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I know I can do it like the following:

import numpy as np

However, it is very slow since it did a full sort.

I wonder whether numpy provide some methods the do it fast.

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5 Answers 5

up vote 14 down vote accepted

The bottleneck module has a fast partial sort method that works directly with Numpy arrays: bottleneck.partsort().

I've benchmarked:

  • z = -bottleneck.partsort(-a, 10)[:10]
  • z = a.argsort()[-10:]
  • z = heapq.nlargest(10, a)

where a is a random 1,000,000-element array.

The timings were as follows:

  • bottleneck.partsort(): 25.6 ms per loop
  • np.argsort(): 198 ms per loop
  • heapq.nlargest(): 358 ms per loop
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@Mike Graham: Thanks for the edit, but nanargmax() does something rather different to what the OP is asking. I'm going to roll back the edit. Correct me if I'm missing something. –  NPE Apr 26 '12 at 16:41
Probably bottleneck is faster, but since it is not provided in EPD7.1, we may not use that. –  Hailiang Zhang Apr 26 '12 at 17:12
@HailiangZhang: I too would love to see bottleneck added to EPD. –  NPE Apr 26 '12 at 18:46
@aix, Sorry, I read it as nargmax, not nanargmax. –  Mike Graham Apr 26 '12 at 19:06

numpy 1.8 implements partition and argpartition that perform partial sort ( in O(n) time as opposed to full sort that is O(n) * log(n)).

import numpy as np

test = np.array([9,1,3,4,8,7,2,5,6,0])

temp = np.argpartition(-test, 4)
result_args = temp[:4]

temp = np.partition(-test, 4)
result = -temp[:4]


>>> result_args
array([0, 4, 8, 5]) # indices of highest vals
>>> result
array([9, 8, 6, 7]) # highest vals


In [16]: a = np.arange(10000)

In [17]: np.random.shuffle(a)

In [18]: %timeit np.argsort(a)
1000 loops, best of 3: 1.02 ms per loop

In [19]: %timeit np.argpartition(a, 100)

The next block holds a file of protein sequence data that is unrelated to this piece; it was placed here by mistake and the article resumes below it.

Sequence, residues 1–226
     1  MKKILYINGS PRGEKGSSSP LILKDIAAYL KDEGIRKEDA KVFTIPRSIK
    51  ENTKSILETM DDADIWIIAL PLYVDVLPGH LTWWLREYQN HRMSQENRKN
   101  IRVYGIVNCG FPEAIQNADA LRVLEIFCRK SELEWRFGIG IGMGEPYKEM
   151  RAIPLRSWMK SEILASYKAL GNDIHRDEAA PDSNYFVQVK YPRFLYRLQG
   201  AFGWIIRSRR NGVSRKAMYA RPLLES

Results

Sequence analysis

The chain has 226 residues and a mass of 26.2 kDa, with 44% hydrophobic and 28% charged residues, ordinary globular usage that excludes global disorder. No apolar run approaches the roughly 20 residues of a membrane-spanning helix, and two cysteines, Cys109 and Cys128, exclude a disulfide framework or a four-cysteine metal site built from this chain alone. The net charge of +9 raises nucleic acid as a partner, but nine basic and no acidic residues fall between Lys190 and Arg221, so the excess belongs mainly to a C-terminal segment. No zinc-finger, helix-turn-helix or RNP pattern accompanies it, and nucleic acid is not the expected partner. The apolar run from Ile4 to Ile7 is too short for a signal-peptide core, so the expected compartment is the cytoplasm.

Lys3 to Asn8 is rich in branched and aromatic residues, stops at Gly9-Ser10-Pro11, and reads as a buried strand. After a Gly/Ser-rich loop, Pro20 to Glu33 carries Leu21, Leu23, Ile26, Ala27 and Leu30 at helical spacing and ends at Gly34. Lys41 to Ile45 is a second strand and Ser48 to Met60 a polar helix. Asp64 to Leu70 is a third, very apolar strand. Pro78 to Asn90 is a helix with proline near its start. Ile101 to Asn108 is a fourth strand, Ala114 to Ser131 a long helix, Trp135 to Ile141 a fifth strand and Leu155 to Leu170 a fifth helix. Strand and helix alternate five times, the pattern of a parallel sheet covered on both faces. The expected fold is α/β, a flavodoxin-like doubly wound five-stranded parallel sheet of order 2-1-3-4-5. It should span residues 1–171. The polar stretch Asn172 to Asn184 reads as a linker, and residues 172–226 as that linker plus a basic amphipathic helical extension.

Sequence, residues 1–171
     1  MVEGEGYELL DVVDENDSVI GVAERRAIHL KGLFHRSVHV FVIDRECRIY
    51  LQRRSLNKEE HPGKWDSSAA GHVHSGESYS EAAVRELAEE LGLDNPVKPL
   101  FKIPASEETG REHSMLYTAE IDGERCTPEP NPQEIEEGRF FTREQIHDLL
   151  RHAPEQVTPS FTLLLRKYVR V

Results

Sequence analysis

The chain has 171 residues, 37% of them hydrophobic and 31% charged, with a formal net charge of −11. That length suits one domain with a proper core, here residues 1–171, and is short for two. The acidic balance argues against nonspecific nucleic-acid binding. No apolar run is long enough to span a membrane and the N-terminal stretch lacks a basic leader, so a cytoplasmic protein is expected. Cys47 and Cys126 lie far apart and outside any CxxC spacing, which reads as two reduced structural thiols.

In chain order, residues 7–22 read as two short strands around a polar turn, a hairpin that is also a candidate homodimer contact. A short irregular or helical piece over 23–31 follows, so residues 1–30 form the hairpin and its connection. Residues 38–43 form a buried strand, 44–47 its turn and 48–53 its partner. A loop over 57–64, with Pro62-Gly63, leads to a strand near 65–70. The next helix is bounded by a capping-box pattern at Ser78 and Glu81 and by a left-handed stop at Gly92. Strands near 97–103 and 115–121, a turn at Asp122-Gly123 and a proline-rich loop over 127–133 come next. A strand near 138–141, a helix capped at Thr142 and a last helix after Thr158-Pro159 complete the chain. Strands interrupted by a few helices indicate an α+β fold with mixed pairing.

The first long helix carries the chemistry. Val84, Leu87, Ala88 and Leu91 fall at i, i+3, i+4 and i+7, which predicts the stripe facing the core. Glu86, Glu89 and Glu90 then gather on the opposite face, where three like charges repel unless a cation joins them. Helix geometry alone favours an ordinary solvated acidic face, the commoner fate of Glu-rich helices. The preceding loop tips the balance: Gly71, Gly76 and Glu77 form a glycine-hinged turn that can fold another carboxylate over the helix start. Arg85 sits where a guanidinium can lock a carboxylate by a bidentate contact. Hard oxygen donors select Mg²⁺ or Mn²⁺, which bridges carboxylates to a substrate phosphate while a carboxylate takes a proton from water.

10000 loops, best of 3: 139 us per loop

In [20]: %timeit np.argpartition(a, 1000)
10000 loops, best of 3: 141 us per loop
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@Manoj, The returned elements will NOT be sorted (only by pure chance), but the question is asking to get N largest elements, and that's what the algorithm does. –  Akavall Dec 27 '14 at 23:31

Each negative sign in the proposed bottleneck solution

-bottleneck.partsort(-a, 10)[:10]

makes a copy of the data. We can remove the copies by doing

bottleneck.partsort(a, a.size-10)[-10:]

Also the proposed numpy solution


returns indices not values. The fix is to use the indices to find the values:


The relative speed of the two bottleneck solutions depends on the ordering of the elements in the initial array because the two approaches partition the data at different points.

In other words, timing with any one particular random array can make either method look faster.

Averaging the timing across 100 random arrays, each with 1,000,000 elements, gives

-bn.partsort(-a, 10)[:10]: 1.76 ms per loop
bn.partsort(a, a.size-10)[-10:]: 0.92 ms per loop
a[a.argsort()[-10:]]: 15.34 ms per loop

where the timing code is as follows:

import time
import numpy as np
import bottleneck as bn

def bottleneck_1(a):
    return -bn.partsort(-a, 10)[:10]

def bottleneck_2(a):
    return bn.partsort(a, a.size-10)[-10:]

def numpy(a):
    return a[a.argsort()[-10:]]

def do_nothing(a):
    return a

def benchmark(func, size=1000000, ntimes=100):
    t1 = time.time()
    for n in range(ntimes):
        a = np.random.rand(size)
    t2 = time.time()
    ms_per_loop = 1000000 * (t2 - t1) / size
    return ms_per_loop

t1 = benchmark(bottleneck_1)
t2 = benchmark(bottleneck_2)
t3 = benchmark(numpy)
t4 = benchmark(do_nothing)

print "-bn.partsort(-a, 10)[:10]: %0.2f ms per loop" % (t1 - t4)
print "bn.partsort(a, a.size-10)[-10:]: %0.2f ms per loop" % (t2 - t4)
print "a[a.argsort()[-10:]]: %0.2f ms per loop" % (t3 - t4)
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Perhaps heapq.nlargest

import numpy as np
import heapq

x = np.array([1,-5,4,6,-3,3])

z = heapq.nlargest(3,x)


>>> z
[6, 4, 3]

If you want to find the indices of the n largest elements using bottleneck you could use bottleneck.argpartsort

>>> x = np.array([1,-5,4,6,-3,3])
>>> z = bottleneck.argpartsort(-x, 3)[:3]
>>> z
array([3, 2, 5]
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But heap q is actually slower (also mentioned by the next reply). –  Hailiang Zhang Apr 26 '12 at 17:14

If storing the array as a list of numbers isn't problematic, you can use

import heapq
heapq.nlargest(N, a)

to get the N largest members.

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